Meeting Of Minds

It’s sort of an expat joke that the only information determined at a Chinese meeting is the time and place of the next meeting. I think I even saw that on of those “You know you live in China, when…” lists. I was just in an hour-long meeting at which the only thing determined was that we are meeting again at the same time and same place next week to discuss… something.

It was actually a charicature of a Chinese meeting. I got to school at 9:38 for a 9:40 meeting, and I was the only person in the assigned room. My mindset was more Hurray! I can drink cold water without being reminded that it’s bad for my health! than Where is everybody? Then the level 1 TAs and Christina, the other American teacher, showed up, and then surprise! so did the director of the English department, and then the foreign-teacher liason.

Our first order of business was making sure everyone knew that we were meeting today. Yes, really. We were all intensely questioned on when and where and from who we found out about the top secret resistance organization first grade teachers’ planning meeting.

Christina’s TA doesn’t quite speak English, which put poor Christina in a weird position when the TA insisted that she’d told Christina about the meeting far in advance and Christina, shocked and unprepared, tried to explain that this was dropped on her at 9:39 this morning.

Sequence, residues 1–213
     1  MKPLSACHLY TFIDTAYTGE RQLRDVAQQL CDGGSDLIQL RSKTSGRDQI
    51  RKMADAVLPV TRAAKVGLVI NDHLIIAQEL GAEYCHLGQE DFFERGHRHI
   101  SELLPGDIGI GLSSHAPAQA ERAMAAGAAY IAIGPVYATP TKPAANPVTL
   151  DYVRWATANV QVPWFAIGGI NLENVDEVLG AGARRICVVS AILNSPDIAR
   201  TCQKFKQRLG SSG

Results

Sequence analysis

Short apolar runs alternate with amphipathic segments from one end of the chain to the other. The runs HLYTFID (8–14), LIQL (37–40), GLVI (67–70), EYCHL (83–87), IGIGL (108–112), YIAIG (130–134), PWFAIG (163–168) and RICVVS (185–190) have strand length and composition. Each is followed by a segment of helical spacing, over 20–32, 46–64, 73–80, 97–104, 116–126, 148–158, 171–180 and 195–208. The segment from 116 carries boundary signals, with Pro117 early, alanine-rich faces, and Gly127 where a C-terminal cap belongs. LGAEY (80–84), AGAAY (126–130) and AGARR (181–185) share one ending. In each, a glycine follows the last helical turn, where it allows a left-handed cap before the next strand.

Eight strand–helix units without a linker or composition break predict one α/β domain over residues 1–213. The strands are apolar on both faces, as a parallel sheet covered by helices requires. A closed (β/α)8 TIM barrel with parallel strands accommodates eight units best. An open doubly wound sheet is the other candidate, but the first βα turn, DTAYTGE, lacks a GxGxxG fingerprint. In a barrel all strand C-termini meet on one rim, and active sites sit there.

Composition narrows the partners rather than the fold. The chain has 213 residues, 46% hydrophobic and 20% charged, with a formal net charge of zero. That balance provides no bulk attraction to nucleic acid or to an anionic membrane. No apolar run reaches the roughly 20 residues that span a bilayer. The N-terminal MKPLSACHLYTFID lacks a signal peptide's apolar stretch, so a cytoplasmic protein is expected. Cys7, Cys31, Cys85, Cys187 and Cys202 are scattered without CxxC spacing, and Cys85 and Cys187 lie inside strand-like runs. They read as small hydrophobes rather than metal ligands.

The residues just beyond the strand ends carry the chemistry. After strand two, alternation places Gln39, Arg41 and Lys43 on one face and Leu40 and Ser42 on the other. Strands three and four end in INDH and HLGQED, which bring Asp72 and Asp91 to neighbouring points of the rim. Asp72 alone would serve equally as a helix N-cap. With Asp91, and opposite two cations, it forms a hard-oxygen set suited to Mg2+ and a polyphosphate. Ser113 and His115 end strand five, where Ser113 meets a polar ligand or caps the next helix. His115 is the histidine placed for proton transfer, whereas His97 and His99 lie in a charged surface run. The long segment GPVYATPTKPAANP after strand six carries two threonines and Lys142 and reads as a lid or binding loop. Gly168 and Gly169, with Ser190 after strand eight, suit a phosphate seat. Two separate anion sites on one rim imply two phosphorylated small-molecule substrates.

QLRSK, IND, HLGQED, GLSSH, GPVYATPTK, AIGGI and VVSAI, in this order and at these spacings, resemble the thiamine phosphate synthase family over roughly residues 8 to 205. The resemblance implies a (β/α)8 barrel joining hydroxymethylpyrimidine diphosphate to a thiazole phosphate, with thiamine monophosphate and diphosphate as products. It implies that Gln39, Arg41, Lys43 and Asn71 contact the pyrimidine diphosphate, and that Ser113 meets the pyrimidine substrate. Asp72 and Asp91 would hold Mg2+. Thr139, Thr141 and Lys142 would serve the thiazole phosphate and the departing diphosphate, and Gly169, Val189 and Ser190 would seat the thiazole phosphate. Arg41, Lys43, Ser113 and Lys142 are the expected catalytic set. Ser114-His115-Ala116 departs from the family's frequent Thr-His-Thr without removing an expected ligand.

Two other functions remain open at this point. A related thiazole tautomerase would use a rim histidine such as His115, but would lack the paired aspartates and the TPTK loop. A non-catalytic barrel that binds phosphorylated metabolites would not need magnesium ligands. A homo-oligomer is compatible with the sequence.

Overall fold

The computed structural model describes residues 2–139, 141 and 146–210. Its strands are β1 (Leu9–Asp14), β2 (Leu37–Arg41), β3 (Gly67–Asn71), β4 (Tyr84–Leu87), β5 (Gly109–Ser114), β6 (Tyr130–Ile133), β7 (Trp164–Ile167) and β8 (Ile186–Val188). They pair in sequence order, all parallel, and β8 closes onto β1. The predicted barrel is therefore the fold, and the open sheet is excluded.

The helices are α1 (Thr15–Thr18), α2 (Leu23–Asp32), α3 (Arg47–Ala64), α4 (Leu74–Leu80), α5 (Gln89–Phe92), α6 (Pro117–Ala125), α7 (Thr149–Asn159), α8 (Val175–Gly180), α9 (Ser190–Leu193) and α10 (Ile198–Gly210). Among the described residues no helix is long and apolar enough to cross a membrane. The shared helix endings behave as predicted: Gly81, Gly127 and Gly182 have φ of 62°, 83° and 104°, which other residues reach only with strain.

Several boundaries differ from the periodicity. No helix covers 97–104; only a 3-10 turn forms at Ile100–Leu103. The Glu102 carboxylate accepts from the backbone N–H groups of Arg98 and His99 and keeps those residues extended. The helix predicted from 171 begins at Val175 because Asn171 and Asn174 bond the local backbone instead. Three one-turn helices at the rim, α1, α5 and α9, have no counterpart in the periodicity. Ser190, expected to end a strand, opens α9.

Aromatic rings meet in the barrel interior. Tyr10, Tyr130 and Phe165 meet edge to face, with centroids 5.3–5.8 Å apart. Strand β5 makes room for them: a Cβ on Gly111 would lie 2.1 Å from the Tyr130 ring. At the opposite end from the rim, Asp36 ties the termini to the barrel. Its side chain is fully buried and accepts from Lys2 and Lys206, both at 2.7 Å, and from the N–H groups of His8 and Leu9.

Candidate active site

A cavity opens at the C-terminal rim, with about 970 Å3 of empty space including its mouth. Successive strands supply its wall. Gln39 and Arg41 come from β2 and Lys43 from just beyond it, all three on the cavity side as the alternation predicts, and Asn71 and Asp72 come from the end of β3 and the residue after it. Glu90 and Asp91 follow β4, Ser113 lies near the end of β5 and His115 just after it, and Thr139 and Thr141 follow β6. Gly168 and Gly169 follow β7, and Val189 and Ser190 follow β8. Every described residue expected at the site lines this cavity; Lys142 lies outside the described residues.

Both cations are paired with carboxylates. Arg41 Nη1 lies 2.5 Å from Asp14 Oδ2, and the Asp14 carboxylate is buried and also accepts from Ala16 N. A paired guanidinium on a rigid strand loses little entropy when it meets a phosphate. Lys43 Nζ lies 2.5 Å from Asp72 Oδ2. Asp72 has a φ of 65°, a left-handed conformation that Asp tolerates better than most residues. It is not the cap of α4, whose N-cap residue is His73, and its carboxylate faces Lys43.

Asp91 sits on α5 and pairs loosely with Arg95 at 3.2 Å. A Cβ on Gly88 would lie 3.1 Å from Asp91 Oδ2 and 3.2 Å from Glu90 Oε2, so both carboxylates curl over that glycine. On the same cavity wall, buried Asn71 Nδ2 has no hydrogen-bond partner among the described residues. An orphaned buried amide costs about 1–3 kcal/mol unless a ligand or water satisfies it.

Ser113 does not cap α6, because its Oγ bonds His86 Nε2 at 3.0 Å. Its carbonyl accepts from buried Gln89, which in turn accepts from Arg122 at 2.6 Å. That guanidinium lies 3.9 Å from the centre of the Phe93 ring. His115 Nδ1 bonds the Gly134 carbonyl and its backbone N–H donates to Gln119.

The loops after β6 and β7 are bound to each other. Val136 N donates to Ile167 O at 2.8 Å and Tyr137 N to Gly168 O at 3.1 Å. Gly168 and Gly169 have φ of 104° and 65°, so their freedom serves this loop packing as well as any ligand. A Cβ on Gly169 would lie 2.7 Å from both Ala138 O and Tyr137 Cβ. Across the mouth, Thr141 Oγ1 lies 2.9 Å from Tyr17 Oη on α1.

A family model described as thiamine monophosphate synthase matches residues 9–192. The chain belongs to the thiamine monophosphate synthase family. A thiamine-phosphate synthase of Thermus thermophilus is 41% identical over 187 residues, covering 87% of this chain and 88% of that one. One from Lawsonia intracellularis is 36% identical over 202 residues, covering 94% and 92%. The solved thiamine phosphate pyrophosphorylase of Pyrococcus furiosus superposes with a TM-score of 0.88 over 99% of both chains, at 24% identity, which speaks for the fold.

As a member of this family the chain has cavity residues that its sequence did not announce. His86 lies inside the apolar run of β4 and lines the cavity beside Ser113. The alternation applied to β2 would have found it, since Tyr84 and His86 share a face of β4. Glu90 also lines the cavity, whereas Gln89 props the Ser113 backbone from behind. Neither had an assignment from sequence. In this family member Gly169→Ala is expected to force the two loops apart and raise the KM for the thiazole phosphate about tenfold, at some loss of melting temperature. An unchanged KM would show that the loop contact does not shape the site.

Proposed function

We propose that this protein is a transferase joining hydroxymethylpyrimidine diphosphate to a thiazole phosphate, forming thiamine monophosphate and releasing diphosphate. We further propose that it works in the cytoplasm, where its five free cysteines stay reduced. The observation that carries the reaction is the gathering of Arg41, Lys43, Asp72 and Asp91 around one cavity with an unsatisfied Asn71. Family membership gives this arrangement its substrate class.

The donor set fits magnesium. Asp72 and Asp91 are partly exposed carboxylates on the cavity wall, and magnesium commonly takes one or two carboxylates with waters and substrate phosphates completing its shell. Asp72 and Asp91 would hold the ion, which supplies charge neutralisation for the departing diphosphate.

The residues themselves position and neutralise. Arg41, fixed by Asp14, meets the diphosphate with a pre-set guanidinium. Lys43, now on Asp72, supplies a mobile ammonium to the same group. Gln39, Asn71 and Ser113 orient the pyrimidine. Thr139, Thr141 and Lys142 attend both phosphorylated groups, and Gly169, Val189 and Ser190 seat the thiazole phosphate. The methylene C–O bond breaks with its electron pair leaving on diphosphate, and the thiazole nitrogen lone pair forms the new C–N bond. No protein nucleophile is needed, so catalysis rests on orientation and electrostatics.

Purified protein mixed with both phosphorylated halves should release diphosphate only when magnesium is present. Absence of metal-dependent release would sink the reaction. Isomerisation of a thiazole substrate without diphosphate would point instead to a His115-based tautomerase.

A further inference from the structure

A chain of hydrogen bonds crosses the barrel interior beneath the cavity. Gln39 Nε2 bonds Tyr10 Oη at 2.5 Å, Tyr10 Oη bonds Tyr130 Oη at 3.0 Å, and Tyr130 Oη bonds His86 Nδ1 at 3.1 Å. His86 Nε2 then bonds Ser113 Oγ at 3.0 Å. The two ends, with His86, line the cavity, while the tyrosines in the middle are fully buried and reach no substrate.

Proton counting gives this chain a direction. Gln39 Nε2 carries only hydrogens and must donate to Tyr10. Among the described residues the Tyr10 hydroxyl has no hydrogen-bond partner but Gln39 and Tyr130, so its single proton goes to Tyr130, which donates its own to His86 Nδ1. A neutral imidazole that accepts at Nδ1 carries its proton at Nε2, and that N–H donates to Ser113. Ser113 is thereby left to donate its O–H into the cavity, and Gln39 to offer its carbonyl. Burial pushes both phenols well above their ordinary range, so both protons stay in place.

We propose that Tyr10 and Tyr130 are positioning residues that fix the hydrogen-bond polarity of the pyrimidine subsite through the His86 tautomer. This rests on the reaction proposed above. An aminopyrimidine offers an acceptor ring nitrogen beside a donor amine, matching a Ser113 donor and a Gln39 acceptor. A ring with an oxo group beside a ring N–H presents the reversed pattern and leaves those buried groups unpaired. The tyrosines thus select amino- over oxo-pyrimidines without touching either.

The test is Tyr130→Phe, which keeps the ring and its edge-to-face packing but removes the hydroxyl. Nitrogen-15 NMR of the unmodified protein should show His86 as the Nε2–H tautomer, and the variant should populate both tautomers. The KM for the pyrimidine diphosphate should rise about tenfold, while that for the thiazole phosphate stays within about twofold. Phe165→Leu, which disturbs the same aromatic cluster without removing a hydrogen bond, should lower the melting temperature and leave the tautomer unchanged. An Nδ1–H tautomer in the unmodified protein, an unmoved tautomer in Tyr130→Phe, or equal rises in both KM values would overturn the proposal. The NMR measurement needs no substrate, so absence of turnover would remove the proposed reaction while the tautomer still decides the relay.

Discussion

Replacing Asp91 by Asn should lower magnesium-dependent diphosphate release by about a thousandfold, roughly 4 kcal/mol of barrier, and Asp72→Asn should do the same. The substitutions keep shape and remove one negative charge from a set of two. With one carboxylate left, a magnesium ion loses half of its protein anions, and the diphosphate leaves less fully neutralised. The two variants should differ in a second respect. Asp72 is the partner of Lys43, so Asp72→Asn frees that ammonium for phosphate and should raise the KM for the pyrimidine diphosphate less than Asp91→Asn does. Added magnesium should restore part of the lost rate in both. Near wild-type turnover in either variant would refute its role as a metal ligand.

Our second order of business was making sure that everyone had their lesson plans to discuss. Another drastic failure, because Christina hadn’t written a week’s worth of lessons in 60 seconds, and the Chinese teachers weren’t told they were meant to bring suggested lesson plans for our classes. (My TAs and I all thought that we’d be chatting about the keeping all the first grade classes on the same level)

Fortunately, the detailed questioning took so long that we ran out of time before anyone could see that my lesson plans were sort of in draft form.

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0 Responses to Meeting Of Minds

  1. threegee says:

    just remember: you could still be at umass.

  2. Heather says:

    I’m lucky that in my current job I don’t have to attend any meetings. My husband, on the other hand, is a manager and must attend weekly Monday meetings. When I saw the “you’ve been in China too long when…” list and that statement about nothing happening at meetings other than planning the next meeting, I asked my husband and he laughed at the profound truth in the words. For him it is even worse, though, because someone will talk for 15 minutes and the translator will turn to him and say, “It’s nothing.”

  3. Meg says:

    haha I also like when the Chinese speaker says one sentence, and then the translator goes “It’s kind of like when … ” and gives a 2-hour translation.

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